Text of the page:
Rare Gas Cloud From Early Universe Discovered With Powerful Telescope

Posted: Dec 22 2018, 12:58pm CST | by , in Latest Science News

 

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Rare Cloud from Early Universe Discovered with Powerful Telescope
Credit: TNG COLLABORATION

The relic can help us understand how first stars and galaxies were formed after the Big Bang.

Astronomers have found a rare cloud of primordial gas that formed shortly after the Big Bang. The relic cloud is located in distant universe and was observed using world's most powerful optical telescope the W. M. Keck Observatory on Maunakea, Hawaii. The remarkable discovery could offer new information about how the universe and its galaxies were created.

"Everywhere we look, the gas in the universe is polluted by waste heavy elements from exploding stars. But this particular cloud seems pristine, unpolluted by stars even 1.5 billion years after the Big Bang. If it has any heavy elements at all, it must be less than 1/10,000th of the proportion we see in our Sun. This is extremely low; the most compelling explanation is that it's a true relic of the Big Bang." Researcher Fred Robert from Swinburne University of Technology said in a statement.

The question of how first galaxies formed in the universe has long fascinated researchers. Researchers believe that heavy elements were not produced right after the Big Bang. Only lightest elements like hydrogen and helium were created and clumps of this primordial gas gave birth to the first generations of stars. Later, the universe's first stars exploded in powerful supernovae which led to the formation of heavier elements.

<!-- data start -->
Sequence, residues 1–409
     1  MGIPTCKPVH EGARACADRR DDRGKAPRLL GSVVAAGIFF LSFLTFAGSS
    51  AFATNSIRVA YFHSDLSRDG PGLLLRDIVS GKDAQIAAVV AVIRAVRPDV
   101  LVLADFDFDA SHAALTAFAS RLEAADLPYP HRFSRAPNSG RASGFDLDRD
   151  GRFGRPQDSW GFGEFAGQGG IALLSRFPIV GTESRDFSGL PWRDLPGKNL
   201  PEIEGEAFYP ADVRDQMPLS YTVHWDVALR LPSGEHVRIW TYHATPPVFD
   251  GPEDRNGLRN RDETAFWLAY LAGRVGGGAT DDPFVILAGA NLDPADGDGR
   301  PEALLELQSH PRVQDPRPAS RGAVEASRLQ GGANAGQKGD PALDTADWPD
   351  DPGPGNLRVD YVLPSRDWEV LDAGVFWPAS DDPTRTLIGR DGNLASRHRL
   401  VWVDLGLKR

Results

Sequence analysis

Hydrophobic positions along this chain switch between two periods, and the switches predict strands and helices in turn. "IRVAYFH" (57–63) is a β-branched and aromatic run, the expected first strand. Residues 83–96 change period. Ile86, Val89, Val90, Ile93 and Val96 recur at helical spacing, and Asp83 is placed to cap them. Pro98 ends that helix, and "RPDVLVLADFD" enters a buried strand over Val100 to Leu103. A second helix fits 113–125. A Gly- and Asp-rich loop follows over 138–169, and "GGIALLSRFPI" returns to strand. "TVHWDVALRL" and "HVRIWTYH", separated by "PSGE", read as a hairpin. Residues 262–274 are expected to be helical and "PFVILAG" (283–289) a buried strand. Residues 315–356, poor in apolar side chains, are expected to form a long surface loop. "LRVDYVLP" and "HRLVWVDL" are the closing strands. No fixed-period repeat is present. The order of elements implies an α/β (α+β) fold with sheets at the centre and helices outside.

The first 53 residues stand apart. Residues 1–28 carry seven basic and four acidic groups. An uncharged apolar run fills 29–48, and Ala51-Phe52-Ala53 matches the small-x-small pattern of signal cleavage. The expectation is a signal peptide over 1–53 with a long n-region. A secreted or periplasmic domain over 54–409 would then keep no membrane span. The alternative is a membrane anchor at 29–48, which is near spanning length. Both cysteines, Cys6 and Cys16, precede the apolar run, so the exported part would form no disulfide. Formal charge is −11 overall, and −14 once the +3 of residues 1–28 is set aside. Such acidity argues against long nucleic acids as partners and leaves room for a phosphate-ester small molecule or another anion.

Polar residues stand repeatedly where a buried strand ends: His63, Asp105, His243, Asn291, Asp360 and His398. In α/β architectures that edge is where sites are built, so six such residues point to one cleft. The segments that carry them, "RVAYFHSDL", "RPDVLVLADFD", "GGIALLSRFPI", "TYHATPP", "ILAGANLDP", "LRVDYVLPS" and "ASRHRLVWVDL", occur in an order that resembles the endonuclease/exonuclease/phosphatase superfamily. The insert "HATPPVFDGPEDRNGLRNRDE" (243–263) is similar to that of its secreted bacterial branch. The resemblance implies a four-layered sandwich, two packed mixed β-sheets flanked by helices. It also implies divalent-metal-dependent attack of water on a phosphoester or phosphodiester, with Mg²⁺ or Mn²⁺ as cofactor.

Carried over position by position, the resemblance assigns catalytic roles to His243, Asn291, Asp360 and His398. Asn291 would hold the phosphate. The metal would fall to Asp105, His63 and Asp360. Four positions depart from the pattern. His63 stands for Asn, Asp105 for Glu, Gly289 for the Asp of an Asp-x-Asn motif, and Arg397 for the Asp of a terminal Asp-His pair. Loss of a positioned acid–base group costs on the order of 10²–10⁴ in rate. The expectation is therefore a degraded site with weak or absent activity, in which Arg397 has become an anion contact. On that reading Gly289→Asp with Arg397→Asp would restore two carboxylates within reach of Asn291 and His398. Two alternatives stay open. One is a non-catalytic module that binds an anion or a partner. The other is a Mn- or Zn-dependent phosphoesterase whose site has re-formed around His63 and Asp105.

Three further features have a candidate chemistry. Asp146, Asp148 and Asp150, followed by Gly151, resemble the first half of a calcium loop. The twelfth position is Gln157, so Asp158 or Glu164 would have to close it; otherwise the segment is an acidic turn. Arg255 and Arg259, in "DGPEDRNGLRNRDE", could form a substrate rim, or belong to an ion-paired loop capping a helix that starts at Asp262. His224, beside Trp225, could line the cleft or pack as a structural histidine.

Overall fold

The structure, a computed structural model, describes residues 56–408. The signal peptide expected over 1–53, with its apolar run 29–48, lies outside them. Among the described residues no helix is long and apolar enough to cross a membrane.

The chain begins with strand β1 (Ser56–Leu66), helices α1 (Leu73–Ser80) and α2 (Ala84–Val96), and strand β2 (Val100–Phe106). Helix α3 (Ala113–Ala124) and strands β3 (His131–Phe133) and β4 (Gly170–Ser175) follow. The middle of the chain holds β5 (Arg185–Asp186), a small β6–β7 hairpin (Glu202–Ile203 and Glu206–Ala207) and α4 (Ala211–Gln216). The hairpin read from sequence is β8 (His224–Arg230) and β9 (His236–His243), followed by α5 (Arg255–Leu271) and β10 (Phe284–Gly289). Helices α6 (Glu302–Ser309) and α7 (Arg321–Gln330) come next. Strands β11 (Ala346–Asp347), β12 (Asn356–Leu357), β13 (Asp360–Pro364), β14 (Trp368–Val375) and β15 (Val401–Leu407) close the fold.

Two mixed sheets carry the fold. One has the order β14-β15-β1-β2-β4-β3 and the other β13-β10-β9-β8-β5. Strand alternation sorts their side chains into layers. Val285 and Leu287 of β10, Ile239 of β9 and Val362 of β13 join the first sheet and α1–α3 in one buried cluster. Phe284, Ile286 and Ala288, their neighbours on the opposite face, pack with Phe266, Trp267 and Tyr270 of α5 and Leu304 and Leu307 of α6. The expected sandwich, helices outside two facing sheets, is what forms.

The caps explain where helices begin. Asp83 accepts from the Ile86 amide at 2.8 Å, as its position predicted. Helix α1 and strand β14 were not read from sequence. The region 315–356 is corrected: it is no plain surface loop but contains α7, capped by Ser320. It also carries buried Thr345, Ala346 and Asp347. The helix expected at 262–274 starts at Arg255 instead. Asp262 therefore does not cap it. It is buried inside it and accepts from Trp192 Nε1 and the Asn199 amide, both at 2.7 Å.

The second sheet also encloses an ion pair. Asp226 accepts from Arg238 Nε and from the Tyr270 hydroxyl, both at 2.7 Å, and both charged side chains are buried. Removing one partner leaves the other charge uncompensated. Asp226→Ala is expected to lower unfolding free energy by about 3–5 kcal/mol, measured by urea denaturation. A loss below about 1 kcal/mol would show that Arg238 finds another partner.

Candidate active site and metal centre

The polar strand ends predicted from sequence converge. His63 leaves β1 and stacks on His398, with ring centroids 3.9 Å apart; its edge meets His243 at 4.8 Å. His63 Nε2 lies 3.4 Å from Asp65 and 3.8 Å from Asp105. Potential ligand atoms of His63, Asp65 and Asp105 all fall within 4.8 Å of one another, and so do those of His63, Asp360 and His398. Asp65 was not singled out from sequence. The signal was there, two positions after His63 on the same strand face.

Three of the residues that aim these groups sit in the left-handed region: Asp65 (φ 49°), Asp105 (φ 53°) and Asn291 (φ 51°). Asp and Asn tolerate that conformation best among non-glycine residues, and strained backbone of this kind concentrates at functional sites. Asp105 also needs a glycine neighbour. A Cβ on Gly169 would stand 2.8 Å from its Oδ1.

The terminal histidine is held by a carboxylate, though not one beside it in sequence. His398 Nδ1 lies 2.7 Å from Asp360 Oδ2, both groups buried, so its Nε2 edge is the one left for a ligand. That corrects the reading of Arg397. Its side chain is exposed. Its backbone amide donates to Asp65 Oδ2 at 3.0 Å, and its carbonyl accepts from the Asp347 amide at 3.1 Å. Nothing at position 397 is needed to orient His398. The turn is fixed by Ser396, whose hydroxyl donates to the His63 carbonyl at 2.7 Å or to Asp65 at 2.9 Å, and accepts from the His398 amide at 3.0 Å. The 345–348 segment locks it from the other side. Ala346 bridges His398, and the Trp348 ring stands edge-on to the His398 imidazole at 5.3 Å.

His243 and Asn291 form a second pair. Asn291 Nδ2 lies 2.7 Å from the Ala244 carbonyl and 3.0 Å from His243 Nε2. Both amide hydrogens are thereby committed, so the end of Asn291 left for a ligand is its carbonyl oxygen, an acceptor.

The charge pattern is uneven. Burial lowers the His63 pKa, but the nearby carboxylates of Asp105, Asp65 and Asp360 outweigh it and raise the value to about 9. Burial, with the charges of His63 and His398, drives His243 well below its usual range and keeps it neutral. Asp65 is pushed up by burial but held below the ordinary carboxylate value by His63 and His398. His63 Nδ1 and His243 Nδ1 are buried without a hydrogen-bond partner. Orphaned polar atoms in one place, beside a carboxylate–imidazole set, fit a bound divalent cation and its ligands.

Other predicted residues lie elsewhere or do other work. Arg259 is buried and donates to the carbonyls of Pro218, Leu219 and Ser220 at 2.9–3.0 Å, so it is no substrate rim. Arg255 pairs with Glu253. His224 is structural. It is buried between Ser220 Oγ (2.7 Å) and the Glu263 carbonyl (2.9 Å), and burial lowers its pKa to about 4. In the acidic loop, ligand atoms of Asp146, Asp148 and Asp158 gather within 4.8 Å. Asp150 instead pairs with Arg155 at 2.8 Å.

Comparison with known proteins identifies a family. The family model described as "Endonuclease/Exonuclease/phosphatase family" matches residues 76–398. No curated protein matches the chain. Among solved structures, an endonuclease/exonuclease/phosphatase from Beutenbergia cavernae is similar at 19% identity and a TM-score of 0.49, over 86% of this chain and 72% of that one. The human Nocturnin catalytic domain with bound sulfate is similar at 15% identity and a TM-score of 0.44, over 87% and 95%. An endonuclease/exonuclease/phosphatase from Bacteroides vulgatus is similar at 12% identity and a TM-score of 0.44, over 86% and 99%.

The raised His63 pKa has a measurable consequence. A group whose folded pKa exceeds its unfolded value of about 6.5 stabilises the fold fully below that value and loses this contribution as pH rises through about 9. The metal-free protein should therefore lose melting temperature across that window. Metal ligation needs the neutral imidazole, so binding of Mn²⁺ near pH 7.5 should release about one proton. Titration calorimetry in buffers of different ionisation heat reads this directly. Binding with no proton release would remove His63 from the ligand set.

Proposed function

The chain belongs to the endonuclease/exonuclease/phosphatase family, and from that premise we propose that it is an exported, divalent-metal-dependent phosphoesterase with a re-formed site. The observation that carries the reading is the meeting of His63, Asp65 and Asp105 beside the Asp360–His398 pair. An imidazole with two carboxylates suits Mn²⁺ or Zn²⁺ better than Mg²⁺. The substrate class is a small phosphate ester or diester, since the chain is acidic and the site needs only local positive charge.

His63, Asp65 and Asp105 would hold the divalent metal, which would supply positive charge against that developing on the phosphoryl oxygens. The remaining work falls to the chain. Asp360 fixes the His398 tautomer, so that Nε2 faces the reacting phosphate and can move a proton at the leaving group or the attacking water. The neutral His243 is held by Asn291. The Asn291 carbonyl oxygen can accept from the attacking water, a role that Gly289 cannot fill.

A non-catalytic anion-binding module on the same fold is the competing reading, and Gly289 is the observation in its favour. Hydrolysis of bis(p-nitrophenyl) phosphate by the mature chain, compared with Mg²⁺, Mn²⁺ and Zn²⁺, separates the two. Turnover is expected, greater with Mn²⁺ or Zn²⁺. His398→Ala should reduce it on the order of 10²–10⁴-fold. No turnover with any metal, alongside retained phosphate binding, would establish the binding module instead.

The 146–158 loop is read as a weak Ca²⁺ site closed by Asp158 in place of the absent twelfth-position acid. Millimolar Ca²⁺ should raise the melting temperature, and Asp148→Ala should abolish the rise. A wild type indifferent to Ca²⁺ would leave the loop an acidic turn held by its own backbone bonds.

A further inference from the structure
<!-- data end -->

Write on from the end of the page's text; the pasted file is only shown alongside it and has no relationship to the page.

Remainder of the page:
Researchers think that these first stars also spread their heavy elements into surrounding pristine gas upon death, so the gas clouds possibly carry a chemical record of the early universe. But it is hard to find pristine material in the universe as it is obscured by heavy elements. Until now, astronomers have discovered only two clouds of pristine gas. These clouds were detected in 2011 after analyzing the light from distant quasars.

Quasars, which emit a bright glow of material, provide a light source against which the spectral shadows of light elements in the gas cloud can be seen. Again, researchers observed the spectrum of a quasar behind the gas cloud. The lack of heavy elements suggested that the gas is pristine.

Co-author and Chief Scientist at Keck Observatory John O'Meara says. “The first two were serendipitous discoveries, and we thought they were the tip of the iceberg. But no one has discovered anything similar – they are clearly very rare and difficult to see. It's fantastic to finally discover one systematically.”

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<a href="/latest_stories/all/all/47" rel="author">Hira Bashir</a>
The latest discoveries in science are the passion of Hira Bashir (). With years of experience, she is able to spot the most interesting new achievements of scientists around the world and cover them in easy to understand reporting.

 

 

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